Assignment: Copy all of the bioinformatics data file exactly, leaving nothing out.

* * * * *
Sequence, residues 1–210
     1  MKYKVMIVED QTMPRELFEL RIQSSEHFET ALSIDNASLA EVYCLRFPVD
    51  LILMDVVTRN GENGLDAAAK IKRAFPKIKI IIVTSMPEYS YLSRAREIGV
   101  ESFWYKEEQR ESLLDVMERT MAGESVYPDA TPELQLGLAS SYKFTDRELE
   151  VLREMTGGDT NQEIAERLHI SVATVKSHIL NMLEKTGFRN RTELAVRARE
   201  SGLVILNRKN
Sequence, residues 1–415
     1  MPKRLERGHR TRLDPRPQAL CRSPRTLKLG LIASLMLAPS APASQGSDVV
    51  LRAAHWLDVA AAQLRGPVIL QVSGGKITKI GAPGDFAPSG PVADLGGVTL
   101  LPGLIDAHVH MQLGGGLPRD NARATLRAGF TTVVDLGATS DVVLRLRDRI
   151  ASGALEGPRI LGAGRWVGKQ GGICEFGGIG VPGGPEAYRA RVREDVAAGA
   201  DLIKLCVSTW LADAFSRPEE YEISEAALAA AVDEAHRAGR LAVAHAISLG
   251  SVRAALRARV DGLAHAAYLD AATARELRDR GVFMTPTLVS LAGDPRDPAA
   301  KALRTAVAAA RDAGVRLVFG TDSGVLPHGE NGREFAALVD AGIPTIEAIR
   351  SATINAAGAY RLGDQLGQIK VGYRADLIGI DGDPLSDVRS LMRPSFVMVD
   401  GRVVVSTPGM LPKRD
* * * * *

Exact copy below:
Sequence, residues 1–210
     1  MKYKVMIVED QTMPRELFEL RIQSSEHFET ALSIDNASLA EVYCLRFPVD
    51  LILMDVVTRN GENGLDAAAK IKRAFPKIKI IIVTSMPEYS YLSRAREIGV
   101  ESFWYKEEQR ESLLDVMERT MAGESVYPDA TPELQLGLAS SYKFTDRELE
   151  VLREMTGGDT NQEIAERLHI SVATVKSHIL NMLEKTGFRN RTELAVRARE
   201  SGLVILNRKN
Sequence, residues 1–415
     1  MPKRLERGHR TRLDPRPQAL CRSPRTLKLG LIASLMLAPS APASQGSDVV
    51  LRAAHWLDVA AAQLRGPVIL QVSGGKITKI GAPGDFAPSG PVADLGGVTL
   101  LPGLIDAHVH MQLGGGLPRD NARATLRAGF TTVVDLGATS DVVLRLRDRI
   151  ASGALEGPRI LGAGRWVGKQ GGICEFGGIG VPGGPEAYRA RVREDVAAGA
   201  DLIKLCVSTW LADAFSRPEE YEISEAALAA AVDEAHRAGR LAVAHAISLG
   251  SVRAALRARV DGLAHAAYLD AATARELRDR GVFMTPTLVS LAGDPRDPAA
   301  KALRTAVAAA RDAGVRLVFG TDSGVLPHGE NGREFAALVD AGIPTIEAIR
   351  SATINAAGAY RLGDQLGQIK VGYRADLIGI DGDPLSDVRS LMRPSFVMVD
   401  GRVVVSTPGM LPKRD